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Water Framework Directive and chemical pollution - A database on ”priority substances”

Published April 2011

(The News N° 21 - January 2011)

IOWater, associated with INE RIS, has been providing for 5 years technical assistance to the DG Environment of the European Union for the implementation of the Water Framework Directive (WFD).
This mission should lead to a revision of the list of "priority substances" of the WFD and to fixing the concentrations to comply with in rivers.

In this context, IOWater created a database gathering 15 million of recent water analyses made in the surface waters of 28 countries.

After defining the data to be collected, creating the tools to make this collection and process the received data, IOWater created a website for information on the contents of the new database.

Year 2010 was devoted to processing these data to enable experts from different European countries to decide whether the evidence is sufficient to register the substances on the list to be proposed to the European Parliament in January 2011.

A lot of expertise work and quality analyses of these data were also done to guarantee the relevance of the experts’ conclusions on chemical substances.

This work has shown the particular strengths and weaknesses of current systems for monitoring the quality of surface waters: underrepresentation of lakes and coastal and transitional waters, incomplete geographic refe - rencing, data storage to be changed. It also confirmed the relevance of the approaches selected in the Daughter Directive on Environmental Quality Standards (2008/105/EC) regarding data quality.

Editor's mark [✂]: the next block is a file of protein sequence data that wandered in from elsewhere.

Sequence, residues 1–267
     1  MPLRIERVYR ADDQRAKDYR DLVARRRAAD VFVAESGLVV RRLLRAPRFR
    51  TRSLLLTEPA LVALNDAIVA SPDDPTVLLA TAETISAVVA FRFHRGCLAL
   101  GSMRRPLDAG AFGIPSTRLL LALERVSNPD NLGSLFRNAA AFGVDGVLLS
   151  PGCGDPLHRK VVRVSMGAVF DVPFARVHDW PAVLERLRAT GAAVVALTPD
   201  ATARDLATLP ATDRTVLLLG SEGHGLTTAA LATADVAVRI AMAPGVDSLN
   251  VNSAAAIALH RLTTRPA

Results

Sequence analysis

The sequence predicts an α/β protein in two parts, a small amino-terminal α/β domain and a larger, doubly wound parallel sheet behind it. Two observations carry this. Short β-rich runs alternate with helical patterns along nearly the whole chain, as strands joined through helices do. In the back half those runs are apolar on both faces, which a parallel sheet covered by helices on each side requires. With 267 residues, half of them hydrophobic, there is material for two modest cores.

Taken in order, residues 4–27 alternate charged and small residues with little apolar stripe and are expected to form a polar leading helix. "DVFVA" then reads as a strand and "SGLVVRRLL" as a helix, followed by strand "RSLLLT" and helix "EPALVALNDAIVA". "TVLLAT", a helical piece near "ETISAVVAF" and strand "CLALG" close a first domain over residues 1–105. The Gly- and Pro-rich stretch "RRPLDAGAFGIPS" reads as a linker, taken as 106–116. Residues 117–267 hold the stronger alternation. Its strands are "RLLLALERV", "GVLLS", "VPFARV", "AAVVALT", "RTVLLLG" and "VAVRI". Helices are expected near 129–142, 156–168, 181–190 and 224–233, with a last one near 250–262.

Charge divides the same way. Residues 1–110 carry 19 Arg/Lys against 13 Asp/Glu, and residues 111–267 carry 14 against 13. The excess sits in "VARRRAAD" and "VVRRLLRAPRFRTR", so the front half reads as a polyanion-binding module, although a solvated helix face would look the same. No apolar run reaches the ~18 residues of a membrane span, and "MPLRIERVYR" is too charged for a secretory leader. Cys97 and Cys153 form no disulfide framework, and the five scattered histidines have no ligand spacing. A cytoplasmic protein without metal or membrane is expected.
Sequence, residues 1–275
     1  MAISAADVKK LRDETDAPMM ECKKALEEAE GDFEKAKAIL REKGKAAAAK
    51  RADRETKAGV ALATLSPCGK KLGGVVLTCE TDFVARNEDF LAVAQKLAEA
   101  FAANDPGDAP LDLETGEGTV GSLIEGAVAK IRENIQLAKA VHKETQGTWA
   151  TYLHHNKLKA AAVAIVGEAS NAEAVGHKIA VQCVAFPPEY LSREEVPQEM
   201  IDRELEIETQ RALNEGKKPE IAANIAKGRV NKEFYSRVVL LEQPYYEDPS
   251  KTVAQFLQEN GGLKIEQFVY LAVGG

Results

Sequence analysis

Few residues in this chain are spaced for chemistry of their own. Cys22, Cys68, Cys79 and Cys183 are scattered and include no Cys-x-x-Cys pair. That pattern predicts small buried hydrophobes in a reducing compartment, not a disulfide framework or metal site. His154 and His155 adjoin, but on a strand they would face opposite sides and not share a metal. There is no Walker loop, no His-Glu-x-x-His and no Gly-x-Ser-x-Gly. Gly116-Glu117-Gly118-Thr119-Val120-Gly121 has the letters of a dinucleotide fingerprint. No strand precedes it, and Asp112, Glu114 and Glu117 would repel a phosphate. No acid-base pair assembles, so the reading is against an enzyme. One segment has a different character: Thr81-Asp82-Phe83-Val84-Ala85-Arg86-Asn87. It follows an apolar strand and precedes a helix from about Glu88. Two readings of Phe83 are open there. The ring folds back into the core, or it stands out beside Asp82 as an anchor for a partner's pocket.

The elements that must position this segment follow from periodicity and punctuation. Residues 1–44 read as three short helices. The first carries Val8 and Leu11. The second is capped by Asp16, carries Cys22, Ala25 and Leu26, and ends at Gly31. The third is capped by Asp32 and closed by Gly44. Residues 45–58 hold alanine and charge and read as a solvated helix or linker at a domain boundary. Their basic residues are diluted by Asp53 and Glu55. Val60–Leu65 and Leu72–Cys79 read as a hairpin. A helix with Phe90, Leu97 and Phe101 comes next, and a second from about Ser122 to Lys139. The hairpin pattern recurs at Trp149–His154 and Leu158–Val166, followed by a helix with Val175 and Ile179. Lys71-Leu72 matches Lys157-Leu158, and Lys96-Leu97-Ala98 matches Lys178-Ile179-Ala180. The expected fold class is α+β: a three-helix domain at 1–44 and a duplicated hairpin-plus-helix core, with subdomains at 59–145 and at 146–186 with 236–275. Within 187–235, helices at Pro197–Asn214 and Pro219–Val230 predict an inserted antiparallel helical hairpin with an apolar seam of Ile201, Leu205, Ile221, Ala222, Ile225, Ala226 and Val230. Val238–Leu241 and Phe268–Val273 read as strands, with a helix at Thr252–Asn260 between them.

Data for more than 1,100 substances

(The News N° 17 - February 2010)

IOWater, associated with INERIS, has been retained by the DG Environment of the European Commission for a 4-year technical assistance to the application of the Water Framework Directive (WFD) to chemical pollutants. This assignment must lead to a revision of the list of the WFD “priority substances” and set the concentrations to be complied with in the rivers.

In order to define the revised list of substances, the choice was made of a combined approach using the data of the environ - mental follow-up, and a modeling led by the Joint Research Center (JRC).

To be able to use the follow-up data, it was necessary to collect the results available in each country.

IOWater was in charge of the whole collection chain, from the definition of what must be collected up to the creation of the central base which gathers the data and makes the calculations necessary for defi - ning a revised list.

Only the recent data on concentrations in surface water of all the potentially dange - rous chemical substances available in the 27 Member States of the European Union and associated countries were retained, with information such as the localization of the station or the determination limit of the analysis.

Until now, European collection had gathered data describing the measurement networks or summary reports, never any individual result of analysis.

For the first time in Europe, 15 million analyses on 1,100 substances sought in surface water of 28 European countries were gathered: a database, unique in its kind, was thus created!